1. The Yellow Princess by John Fahey 1968
Eugene Chadbourne’s review on allmusic: This particular John Fahey side is a personal favorite of many of his devout fans for several reasons. And although such a judgment is tough, if one were looking to own only one album by this unique guitarist, The Yellow Princess could be the one. The recording sound is among the best of his many releases; at the proper volume, the effect is as if one had taken up residency inside the sound hole of a giant acoustic guitar. The program of pieces is marvelously emotional and varied, with many moments of precisely stated harmonies moving at courageously slow tempos. The second piece on the first side, “View (East from the Top of the Riggs Road/B&O Trestle),” is surely one of his masterpieces, on a par with Charles Ives for musical Americana. It is a great added bonus to have liner notes by the artist, some of the best and most absurd text he ever came up with. Yet another reason this is one of Fahey's top sides is it allows a chance to hear one of his few collaborations with other musicians. Several members of the fine rock group Spirit are present, along with drummer Kevin Kelley, for several lovely pieces, including “March! For Martin Luther King,” a remarkably heartfelt tribute that could have gone on much longer. Taped sounds and electronic effects on “The Singing Bridge of Memphis, Tennessee” certainly predict the more noisy stuff Fahey would get into in the later part of his career.
From Edwyn Pouncey’s Wire article
On The Yellow Princess, he joined forces with an old friend, Barry ‘Dr Demento’ Hansen, whose oddball production ideas mirrored Fahey’s plans for the music. Together, they constructed “The Singing Bridge Of Memphis, Tennessee”, from a random collection of noises and found sounds. “I didn’t know how to mix things on tape recorders and make edits,” Fahey explains. “Barry was more knowledgeable and intelligent than me.”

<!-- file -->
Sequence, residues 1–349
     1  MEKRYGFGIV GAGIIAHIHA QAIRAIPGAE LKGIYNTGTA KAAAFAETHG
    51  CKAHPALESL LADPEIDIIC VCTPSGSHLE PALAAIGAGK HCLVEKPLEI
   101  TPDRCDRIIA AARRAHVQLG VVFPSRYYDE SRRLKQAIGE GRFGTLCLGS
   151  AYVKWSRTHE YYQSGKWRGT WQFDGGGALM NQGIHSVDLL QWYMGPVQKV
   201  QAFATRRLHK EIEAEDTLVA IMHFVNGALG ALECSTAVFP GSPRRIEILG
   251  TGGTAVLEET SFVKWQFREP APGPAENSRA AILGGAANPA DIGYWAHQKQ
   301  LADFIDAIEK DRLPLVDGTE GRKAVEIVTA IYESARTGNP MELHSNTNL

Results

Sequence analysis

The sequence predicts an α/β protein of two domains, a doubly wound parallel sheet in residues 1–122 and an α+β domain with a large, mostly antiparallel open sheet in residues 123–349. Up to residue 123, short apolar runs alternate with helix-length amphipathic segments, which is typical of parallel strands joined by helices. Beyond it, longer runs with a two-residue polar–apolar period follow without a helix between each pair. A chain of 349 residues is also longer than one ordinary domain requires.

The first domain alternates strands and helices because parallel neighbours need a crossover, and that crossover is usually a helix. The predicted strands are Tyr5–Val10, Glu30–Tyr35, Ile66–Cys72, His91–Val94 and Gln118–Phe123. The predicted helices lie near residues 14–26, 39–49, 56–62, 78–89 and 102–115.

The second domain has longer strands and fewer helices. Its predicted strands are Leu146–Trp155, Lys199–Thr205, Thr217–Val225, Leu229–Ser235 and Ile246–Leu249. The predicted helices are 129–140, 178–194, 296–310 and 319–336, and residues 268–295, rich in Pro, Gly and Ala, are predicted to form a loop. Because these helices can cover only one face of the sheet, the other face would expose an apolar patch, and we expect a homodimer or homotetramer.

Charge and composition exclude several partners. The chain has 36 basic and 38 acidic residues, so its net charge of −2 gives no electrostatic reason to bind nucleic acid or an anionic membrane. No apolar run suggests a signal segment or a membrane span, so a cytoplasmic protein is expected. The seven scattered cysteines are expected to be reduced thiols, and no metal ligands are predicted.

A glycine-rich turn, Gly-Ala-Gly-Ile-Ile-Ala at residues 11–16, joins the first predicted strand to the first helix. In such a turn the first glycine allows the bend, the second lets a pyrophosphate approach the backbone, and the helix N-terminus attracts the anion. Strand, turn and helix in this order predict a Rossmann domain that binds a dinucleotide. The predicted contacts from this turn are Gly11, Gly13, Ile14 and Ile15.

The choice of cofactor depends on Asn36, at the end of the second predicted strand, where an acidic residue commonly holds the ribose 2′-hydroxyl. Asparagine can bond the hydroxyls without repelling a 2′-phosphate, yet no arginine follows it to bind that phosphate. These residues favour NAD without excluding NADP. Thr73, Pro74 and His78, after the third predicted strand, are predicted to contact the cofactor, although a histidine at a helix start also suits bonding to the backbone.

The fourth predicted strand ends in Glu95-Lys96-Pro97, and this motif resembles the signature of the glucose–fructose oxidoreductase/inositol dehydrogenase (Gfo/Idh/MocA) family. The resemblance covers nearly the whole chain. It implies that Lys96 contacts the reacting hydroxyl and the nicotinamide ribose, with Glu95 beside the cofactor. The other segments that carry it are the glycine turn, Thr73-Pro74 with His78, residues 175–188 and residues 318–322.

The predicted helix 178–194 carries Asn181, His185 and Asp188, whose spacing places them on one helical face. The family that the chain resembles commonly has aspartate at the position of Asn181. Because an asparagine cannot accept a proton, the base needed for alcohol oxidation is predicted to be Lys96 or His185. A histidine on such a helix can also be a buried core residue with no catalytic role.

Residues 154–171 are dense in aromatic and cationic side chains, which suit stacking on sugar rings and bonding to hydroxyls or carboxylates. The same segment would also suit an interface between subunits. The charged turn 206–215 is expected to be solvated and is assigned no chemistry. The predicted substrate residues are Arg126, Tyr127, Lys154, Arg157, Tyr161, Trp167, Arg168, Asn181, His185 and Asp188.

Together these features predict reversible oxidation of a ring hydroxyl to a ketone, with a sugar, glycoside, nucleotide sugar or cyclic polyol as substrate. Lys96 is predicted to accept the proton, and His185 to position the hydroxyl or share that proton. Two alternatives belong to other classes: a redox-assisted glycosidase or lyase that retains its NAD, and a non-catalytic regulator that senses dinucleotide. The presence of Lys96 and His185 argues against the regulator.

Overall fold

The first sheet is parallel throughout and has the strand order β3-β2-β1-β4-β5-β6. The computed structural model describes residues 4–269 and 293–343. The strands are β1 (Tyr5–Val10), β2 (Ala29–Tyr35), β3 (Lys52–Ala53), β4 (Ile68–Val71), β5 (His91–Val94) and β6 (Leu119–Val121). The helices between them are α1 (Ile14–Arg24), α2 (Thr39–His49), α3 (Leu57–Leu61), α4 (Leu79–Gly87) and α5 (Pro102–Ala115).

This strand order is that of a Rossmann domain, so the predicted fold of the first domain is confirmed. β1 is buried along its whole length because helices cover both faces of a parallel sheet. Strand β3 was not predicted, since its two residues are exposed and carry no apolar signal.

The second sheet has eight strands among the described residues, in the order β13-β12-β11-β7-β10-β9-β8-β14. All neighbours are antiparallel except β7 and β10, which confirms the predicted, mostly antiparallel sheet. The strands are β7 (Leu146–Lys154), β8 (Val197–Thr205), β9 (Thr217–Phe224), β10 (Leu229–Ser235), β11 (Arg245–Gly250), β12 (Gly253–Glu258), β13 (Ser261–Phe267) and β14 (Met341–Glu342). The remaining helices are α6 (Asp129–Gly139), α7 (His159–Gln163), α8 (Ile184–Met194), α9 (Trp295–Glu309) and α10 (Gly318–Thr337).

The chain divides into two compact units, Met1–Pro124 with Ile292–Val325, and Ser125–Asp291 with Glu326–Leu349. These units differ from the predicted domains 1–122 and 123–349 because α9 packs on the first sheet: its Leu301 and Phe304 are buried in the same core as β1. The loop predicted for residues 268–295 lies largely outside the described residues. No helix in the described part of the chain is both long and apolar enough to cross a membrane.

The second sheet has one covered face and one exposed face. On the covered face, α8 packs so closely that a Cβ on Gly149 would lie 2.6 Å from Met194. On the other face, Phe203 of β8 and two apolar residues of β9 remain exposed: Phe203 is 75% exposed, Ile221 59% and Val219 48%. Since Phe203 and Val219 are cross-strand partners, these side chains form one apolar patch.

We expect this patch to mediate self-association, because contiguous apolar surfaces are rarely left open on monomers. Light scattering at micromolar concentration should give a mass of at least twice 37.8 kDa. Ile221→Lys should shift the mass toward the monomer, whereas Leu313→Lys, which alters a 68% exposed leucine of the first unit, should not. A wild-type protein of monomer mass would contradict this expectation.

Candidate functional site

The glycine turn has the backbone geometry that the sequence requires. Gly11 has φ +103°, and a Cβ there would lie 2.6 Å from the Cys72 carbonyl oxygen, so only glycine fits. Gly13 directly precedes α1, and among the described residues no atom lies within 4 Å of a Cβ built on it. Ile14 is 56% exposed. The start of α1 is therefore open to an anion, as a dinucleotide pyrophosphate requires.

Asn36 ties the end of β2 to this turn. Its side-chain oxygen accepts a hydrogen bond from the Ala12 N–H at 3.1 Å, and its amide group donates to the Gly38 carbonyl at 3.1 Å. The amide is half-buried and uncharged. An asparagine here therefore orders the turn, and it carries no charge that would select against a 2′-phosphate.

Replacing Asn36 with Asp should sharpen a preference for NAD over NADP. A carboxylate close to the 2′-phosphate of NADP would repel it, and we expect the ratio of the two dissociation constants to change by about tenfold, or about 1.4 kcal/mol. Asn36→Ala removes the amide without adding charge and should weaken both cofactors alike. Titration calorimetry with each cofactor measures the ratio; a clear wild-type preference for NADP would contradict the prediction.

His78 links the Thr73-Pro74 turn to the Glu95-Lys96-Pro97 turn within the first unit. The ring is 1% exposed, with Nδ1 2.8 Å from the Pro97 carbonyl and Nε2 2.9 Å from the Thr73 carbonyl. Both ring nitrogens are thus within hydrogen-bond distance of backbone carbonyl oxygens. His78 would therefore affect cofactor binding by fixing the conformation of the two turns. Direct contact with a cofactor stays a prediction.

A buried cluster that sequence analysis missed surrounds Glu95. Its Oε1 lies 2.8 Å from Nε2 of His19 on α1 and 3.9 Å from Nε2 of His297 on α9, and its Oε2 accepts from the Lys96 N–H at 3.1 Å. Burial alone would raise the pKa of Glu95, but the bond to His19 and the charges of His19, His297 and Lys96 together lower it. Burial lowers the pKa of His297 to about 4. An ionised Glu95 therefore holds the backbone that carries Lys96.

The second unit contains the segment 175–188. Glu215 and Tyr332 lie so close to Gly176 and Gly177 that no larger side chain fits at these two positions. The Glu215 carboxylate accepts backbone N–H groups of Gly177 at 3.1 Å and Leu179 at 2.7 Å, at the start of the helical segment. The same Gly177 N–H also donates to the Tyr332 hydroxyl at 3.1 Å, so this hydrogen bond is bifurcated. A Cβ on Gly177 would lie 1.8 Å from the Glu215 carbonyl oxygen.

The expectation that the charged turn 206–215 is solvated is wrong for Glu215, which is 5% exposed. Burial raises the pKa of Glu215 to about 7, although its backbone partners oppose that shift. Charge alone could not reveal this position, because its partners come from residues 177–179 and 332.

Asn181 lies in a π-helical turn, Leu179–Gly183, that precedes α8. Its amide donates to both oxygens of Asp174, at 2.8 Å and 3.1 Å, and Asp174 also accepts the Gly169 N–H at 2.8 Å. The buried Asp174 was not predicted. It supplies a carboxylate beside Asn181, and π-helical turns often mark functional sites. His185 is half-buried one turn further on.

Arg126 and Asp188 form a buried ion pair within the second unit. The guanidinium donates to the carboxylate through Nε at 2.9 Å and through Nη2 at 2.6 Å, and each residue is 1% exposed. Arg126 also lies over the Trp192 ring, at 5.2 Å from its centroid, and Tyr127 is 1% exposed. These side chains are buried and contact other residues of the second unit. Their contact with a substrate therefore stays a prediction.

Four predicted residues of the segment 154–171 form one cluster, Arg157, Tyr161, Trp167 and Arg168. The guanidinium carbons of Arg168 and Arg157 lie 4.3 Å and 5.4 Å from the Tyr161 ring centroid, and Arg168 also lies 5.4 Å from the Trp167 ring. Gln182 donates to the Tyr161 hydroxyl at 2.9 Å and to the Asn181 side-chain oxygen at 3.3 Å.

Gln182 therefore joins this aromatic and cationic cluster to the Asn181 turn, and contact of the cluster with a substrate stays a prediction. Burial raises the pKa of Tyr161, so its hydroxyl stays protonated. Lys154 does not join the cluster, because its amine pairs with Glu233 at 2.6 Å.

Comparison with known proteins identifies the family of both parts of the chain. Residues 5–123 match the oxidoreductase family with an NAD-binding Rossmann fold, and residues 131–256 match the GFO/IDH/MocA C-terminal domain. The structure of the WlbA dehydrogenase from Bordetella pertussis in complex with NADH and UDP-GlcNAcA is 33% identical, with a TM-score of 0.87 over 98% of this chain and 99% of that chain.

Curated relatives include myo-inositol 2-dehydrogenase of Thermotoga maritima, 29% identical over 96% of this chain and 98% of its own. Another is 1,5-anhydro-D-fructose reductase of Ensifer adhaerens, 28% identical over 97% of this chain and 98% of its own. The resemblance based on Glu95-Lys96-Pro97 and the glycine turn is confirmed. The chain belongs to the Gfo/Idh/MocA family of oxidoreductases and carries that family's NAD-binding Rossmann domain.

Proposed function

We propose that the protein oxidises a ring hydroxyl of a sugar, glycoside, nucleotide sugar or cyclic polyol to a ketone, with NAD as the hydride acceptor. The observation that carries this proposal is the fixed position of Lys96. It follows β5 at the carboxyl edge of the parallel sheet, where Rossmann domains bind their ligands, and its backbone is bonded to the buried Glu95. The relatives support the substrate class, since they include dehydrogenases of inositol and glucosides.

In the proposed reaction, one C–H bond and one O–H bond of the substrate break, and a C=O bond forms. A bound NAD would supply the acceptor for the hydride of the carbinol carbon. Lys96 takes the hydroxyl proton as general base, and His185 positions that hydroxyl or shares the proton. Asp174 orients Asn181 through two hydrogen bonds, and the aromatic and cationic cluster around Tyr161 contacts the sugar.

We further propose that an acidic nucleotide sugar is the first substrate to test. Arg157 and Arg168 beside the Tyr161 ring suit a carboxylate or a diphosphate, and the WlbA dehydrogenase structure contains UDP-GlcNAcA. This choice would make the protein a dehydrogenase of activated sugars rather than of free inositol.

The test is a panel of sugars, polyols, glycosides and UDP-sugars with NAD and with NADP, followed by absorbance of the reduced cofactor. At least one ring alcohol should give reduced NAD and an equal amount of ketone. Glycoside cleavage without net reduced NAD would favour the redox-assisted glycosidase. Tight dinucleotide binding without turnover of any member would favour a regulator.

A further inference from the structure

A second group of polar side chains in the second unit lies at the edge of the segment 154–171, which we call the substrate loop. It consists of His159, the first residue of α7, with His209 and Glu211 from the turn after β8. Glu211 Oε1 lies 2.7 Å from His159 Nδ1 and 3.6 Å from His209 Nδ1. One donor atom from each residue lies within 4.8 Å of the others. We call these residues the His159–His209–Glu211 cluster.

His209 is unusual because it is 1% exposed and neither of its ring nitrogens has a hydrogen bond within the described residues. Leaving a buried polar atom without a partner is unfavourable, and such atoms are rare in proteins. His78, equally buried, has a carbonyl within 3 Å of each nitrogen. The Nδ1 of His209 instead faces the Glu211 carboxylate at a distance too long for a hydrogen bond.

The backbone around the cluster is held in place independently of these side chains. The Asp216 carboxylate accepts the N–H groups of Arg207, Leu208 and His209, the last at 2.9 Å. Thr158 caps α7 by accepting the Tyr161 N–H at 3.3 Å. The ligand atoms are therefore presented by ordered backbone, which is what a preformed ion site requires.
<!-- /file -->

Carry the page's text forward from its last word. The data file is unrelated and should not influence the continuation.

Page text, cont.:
The Yellow Princess by John Fahey 1968

    Eugene Chadbourne’s review on allmusic: This particular John Fahey side is a personal favorite of many of his devout fans for several reasons. And although such a judgment is tough, if one were looking to own only one album by this unique guitarist, The Yellow Princess could be the one. The recording sound is among the best of his many releases; at the proper volume, the effect is as if one had taken up residency inside the sound hole of a giant acoustic guitar. The program of pieces is marvelously emotional and varied, with many moments of precisely stated harmonies moving at courageously slow tempos. The second piece on the first side, “View (East from the Top of the Riggs Road/B&O Trestle),” is surely one of his masterpieces, on a par with Charles Ives for musical Americana. It is a great added bonus to have liner notes by the artist, some of the best and most absurd text he ever came up with. Yet another reason this is one of Fahey's top sides is it allows a chance to hear one of his few collaborations with other musicians. Several members of the fine rock group Spirit are present, along with drummer Kevin Kelley, for several lovely pieces, including “March! For Martin Luther King,” a remarkably heartfelt tribute that could have gone on much longer. Taped sounds and electronic effects on “The Singing Bridge of Memphis, Tennessee” certainly predict the more noisy stuff Fahey would get into in the later part of his career.

    From Edwyn Pouncey’s Wire article

    On The Yellow Princess, he joined forces with an old friend, Barry ‘Dr Demento’ Hansen, whose oddball production ideas mirrored Fahey’s plans for the music. Together, they constructed “The Singing Bridge Of Memphis, Tennessee”, from a random collection of noises and found sounds. “I didn’t know how to mix things on tape recorders and make edits,” Fahey explains. “Barry was more knowledgeable and intelligent than me.”